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How Aron Ra Became a Card-Carrying Skeptic

Aron Ra is an atheist activist, science communicator, former president of the Atheist Alliance of America, and the host of the Ra-Men Podcast. Become a Card-Carrying Skeptic by telling us your story.

Hear Aron’s story

Do “violent” video games pose “as big a health risk as alcohol and drug abuse” and are they “ruining the youth of America”? In this week’s eSkeptic, Terence Hines reviews Moral Combat: Why the War on Violent Video Games Is Wrong, by Patrick M. Markey and Christopher J. Ferguson.

Virtual Violence

a review by Terence Hines

Video games, especially so-called “violent” games, are the latest in a long string of new entertainment media to be accused of “ruining the youth of America.” Video games as the cause of all sorts of societal ills have been preceded by dime novels, comic books, violent TV shows, and movies and songs with sexy or racy lyrics. In 2002, Gerard Jones published Killing Monsters: Why Children Need Fantasy, Super Heroes, and Make-Believe Violence (Basic Books), the first book, as far as I know, to critically examine the hysteria over alleged effects of make-believe violence in the media on children. It focused on all media, not just video games, and concluded that such media posed no threat.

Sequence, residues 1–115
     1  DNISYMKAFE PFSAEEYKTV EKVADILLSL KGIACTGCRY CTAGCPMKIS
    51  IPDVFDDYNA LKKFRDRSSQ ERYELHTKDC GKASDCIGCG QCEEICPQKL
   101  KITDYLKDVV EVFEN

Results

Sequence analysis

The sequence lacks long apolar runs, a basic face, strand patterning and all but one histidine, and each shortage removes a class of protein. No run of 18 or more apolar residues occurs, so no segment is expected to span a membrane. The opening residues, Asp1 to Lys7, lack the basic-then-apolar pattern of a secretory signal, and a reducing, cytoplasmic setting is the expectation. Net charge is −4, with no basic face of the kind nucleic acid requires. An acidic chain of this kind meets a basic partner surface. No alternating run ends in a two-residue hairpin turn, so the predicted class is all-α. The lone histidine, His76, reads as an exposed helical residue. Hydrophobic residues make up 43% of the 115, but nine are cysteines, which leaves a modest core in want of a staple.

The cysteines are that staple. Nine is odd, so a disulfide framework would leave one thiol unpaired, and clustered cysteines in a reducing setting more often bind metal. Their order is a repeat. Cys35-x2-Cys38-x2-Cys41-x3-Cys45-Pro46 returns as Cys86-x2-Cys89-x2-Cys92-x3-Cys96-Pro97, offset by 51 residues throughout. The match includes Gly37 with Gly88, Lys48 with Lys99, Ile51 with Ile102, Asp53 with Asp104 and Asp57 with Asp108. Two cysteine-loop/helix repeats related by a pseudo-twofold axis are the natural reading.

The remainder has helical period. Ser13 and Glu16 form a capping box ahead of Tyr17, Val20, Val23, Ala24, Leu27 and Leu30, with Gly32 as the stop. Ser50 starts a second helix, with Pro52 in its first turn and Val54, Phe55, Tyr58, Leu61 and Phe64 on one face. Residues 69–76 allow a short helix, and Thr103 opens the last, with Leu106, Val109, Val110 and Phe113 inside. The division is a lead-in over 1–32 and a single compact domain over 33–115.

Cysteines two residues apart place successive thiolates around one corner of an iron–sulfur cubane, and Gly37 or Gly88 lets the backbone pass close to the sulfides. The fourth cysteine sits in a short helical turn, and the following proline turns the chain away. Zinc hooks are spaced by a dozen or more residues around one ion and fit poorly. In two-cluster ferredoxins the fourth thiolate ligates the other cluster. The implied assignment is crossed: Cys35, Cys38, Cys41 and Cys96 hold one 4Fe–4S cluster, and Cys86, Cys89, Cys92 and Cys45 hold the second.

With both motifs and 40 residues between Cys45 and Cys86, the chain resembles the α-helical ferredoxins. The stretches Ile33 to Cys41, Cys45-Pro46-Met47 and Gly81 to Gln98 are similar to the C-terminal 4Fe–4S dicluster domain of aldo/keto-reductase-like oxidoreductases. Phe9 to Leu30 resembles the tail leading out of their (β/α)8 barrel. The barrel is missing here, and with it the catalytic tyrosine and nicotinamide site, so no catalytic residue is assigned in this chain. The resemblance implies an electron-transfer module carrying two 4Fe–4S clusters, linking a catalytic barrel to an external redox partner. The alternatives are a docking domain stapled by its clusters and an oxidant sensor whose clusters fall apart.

Moral Combat (book cover)

Since Jones’ 2002 book, video games, especially violent video games (hereinafter VVGs), have been the focus of worry that VVGs lead to adolescent violence, even school shootings (think Columbine), and are as addictive and dangerous as drugs. Markey and Ferguson show in their new book Moral Combat that not only are video games, even the violent first-person shooter games, innocent of the charges made against them, video games can and do have positive influences on their players. The authors begin with a brief history of video games and other supposedly harmful media. For example, psychiatrist Fredric Wertham, a crusader against comic books, believed that comics caused juvenile delinquency and that Batman and Robin encouraged homosexuality. His 1954 book Seduction of the Innocent (Rinehart) was an important part of the crusade against comics. It turns out that Wertham “overstated and potentially even fabricated much of his data” (p. 32) that he used to castigate comics.

The crusade against video games is a moral panic akin to that seen in the panic over ritual satanic child abuse.

Markey and Ferguson argue, correctly in my view, that the crusade against video games is a moral panic akin to that seen in the panic over ritual satanic child abuse. Throughout the book they make the interesting point that the crusade is led by those who have little familiarity with the video games they attack, the gamers involved, or the gaming culture that has grown up around the games. They note that the researchers who do research aimed at showing the games’ deleterious effects are largely older individuals who have little knowledge of the gamers or contact with the gamers. […]

Read the complete review